P.J. O’Rourke, Author of Holidays in Heck
This book explodes old ways of thinking. Not moralizing, not blaming, Jonathan Last peers methodically ahead at the cold consequences of plunging global birth rates: aging and ever smaller national populations, the fatal destruction of the financial premises of the welfare state, disappearing military strength. He describes the comfortable, happy childlessness chosen by more and more highly educated coupleslives of personal contentment, yes, but with unutterably sad national consequences. We are left to draw conclusions ourselves: The use of sex is not simply personal; the future of the whole human race hangs on it. Those who missed Ben Wattenberg’s The Birth Dearth (1987) have another chance to be shaken awake by the earthquake rumbling louder and faster beneath us.”
Michael Novak, recipient of the Templeton Prize (1994), and author of The Spirit of Democratic Capitalism
"Jonathan Last provides us with a well-written, well-argued description of one of the most profound, yet poorly understood phenomena of the 21st century: the world worldwide fall in birthrates and attendant rapid aging of the human population. He masterfully describes the key facts and concepts any literate person should know about the sea change in global demography and speculates wisely and soberly about the implications for the future of humanity. Avoiding the alarmism, sexism, and racial chauvinism that mars so such other writing on this subject, Last is an insightful and trustworthy guide."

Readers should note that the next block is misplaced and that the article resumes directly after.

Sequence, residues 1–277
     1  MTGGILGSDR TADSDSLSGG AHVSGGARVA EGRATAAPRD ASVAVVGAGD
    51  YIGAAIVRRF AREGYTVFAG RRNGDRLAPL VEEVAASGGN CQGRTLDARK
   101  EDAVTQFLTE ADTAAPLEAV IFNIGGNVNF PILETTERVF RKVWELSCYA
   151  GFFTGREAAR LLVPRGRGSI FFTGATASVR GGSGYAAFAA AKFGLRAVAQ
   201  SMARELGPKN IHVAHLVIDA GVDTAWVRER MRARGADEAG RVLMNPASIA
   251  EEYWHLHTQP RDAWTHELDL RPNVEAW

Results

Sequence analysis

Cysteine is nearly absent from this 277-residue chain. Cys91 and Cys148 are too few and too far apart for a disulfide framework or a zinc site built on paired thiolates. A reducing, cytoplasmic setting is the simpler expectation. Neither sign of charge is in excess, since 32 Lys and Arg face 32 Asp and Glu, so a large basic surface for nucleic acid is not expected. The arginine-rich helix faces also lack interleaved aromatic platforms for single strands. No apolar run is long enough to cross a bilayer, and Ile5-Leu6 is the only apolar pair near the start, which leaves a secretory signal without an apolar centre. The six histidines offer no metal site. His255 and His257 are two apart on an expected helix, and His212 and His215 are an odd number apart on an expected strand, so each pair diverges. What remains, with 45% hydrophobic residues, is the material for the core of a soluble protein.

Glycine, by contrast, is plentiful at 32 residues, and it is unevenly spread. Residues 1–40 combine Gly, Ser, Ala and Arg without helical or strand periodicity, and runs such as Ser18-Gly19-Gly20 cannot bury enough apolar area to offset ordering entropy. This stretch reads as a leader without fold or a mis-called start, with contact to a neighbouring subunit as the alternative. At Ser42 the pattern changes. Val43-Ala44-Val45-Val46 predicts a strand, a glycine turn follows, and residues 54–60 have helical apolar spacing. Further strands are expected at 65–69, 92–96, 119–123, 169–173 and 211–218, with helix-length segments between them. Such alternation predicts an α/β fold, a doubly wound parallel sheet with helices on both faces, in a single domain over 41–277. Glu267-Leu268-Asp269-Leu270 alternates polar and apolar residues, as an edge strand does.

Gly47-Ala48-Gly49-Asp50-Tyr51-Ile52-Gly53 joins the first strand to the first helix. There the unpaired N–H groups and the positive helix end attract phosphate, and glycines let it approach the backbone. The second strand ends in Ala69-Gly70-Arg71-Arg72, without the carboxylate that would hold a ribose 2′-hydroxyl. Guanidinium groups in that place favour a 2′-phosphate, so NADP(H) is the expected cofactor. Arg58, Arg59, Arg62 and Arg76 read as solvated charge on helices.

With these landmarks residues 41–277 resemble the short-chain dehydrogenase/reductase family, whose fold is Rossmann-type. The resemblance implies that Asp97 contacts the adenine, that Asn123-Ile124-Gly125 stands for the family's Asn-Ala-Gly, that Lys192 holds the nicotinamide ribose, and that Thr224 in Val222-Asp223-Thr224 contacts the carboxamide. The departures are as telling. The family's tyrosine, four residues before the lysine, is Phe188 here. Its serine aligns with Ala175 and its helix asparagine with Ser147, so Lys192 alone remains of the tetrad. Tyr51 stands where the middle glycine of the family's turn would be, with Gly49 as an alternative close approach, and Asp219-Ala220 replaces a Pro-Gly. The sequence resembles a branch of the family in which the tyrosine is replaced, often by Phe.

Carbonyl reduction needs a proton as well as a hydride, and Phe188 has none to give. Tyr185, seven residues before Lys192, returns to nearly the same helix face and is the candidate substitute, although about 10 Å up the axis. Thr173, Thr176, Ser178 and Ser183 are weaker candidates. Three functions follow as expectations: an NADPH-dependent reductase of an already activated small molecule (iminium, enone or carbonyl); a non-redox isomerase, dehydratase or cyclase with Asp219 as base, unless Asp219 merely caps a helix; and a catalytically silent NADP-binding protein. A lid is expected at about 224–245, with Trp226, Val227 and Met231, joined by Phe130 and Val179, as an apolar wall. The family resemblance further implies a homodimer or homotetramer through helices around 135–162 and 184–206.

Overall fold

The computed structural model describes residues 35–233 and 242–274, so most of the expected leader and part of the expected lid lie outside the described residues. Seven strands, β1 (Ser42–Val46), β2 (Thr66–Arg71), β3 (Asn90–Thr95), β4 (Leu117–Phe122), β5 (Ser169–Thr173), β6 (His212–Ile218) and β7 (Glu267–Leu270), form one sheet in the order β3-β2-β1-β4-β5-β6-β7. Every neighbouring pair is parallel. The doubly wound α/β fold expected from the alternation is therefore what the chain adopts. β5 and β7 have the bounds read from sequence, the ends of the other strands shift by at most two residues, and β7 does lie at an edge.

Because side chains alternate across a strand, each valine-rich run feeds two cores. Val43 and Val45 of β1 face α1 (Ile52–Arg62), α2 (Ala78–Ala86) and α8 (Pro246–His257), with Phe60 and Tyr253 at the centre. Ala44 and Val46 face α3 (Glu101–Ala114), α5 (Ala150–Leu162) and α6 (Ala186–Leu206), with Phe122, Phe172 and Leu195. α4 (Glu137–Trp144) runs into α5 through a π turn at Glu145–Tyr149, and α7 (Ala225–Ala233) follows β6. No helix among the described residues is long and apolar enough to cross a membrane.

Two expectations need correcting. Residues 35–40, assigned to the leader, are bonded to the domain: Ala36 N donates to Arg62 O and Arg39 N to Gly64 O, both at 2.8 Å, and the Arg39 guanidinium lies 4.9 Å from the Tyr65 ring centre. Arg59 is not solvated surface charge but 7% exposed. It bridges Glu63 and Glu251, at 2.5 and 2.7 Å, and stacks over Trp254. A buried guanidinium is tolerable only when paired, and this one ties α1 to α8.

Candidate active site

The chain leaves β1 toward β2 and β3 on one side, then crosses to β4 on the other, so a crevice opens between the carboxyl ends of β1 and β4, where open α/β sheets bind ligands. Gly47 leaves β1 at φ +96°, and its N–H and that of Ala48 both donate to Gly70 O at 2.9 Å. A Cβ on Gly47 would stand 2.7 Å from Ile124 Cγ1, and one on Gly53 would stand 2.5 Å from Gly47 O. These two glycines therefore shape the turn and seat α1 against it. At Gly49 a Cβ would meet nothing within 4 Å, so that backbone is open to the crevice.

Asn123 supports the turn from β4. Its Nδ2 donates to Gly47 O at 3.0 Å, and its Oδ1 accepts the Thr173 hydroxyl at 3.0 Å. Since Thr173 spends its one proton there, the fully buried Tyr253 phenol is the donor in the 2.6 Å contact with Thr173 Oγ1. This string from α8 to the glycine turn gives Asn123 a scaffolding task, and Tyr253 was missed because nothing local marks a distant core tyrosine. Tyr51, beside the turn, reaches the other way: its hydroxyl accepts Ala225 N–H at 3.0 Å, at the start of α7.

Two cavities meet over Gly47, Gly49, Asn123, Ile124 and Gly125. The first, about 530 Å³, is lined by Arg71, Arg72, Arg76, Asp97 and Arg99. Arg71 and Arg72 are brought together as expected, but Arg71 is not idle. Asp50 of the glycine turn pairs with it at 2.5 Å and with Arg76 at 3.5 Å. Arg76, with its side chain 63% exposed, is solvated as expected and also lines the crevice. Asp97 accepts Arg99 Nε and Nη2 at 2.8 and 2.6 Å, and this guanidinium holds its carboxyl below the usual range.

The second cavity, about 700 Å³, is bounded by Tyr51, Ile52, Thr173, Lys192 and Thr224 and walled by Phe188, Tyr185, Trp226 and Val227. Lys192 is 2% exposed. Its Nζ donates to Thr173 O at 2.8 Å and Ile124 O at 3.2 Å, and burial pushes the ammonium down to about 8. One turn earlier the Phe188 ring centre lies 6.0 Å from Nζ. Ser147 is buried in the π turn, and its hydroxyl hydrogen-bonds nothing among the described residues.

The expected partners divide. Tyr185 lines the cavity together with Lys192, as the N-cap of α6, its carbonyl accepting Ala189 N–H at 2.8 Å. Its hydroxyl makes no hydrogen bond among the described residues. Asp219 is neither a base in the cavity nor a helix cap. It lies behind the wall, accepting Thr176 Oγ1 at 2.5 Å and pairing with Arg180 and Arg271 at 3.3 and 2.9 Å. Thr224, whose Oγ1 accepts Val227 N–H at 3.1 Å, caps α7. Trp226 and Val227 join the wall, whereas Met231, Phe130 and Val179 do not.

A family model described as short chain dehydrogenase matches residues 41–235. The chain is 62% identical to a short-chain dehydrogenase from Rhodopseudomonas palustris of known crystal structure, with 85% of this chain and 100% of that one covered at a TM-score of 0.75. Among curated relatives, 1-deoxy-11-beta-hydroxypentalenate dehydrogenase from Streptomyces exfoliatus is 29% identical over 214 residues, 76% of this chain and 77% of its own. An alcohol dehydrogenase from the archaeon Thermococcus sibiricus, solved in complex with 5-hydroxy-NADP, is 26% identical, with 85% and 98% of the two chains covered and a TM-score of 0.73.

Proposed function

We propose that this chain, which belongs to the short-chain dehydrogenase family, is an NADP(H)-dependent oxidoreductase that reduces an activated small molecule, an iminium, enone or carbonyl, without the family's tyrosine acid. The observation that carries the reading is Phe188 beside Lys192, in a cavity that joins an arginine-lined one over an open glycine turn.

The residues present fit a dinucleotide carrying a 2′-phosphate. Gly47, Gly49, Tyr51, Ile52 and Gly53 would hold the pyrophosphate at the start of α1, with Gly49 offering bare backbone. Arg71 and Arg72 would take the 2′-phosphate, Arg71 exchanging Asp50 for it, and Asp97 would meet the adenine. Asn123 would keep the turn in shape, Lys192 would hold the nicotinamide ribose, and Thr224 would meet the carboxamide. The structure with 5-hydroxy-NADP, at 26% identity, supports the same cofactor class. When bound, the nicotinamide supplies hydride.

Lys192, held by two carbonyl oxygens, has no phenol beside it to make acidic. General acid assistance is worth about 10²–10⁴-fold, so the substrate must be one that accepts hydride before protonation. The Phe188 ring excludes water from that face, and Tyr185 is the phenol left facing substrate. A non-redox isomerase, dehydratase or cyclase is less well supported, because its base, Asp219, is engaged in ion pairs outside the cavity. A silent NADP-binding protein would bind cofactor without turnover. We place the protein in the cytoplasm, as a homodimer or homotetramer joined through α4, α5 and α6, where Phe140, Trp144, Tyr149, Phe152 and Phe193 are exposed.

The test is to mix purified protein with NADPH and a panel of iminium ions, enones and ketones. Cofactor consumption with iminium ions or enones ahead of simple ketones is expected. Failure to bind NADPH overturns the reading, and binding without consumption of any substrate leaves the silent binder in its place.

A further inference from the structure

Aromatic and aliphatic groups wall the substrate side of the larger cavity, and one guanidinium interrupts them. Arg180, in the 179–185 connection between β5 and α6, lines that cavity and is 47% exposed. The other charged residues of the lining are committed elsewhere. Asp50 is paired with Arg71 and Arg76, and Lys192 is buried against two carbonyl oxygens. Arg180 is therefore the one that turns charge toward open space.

Phillip Longman, Senior Fellow of the New America Foundation and author of The Empty Cradle: How Falling Birthrates Threaten World Prosperity And What To Do About It
"Jonathan Last's writing matches his reasoning: as clear as a shot of gin, and just as bracing. America is changing more quickly than ever before, and this book explains why. A terrific, important read."
Tucker Carlson, Editor of The Daily Caller
"Jonathan Last's pulled off an amazing feat. He's written a book that's at once lively and profound, that deals with weighty matters with a light touch, and that explains a complex subject clearly. It might make you laugh, it could make you cry--but above all it will make you think."
William Kristol, Editor, The Weekly Standard
"Imagine a merger of Mark Steyn and David Brooks with a Supreme Court imposed page limit."
Hugh Hewitt, Host, The Hugh Hewitt Show
The Malthusian paranoia of a coming population boom has nothing on the reality of a coming population implosion. Frankly it kinda makes a girl want to procreate.”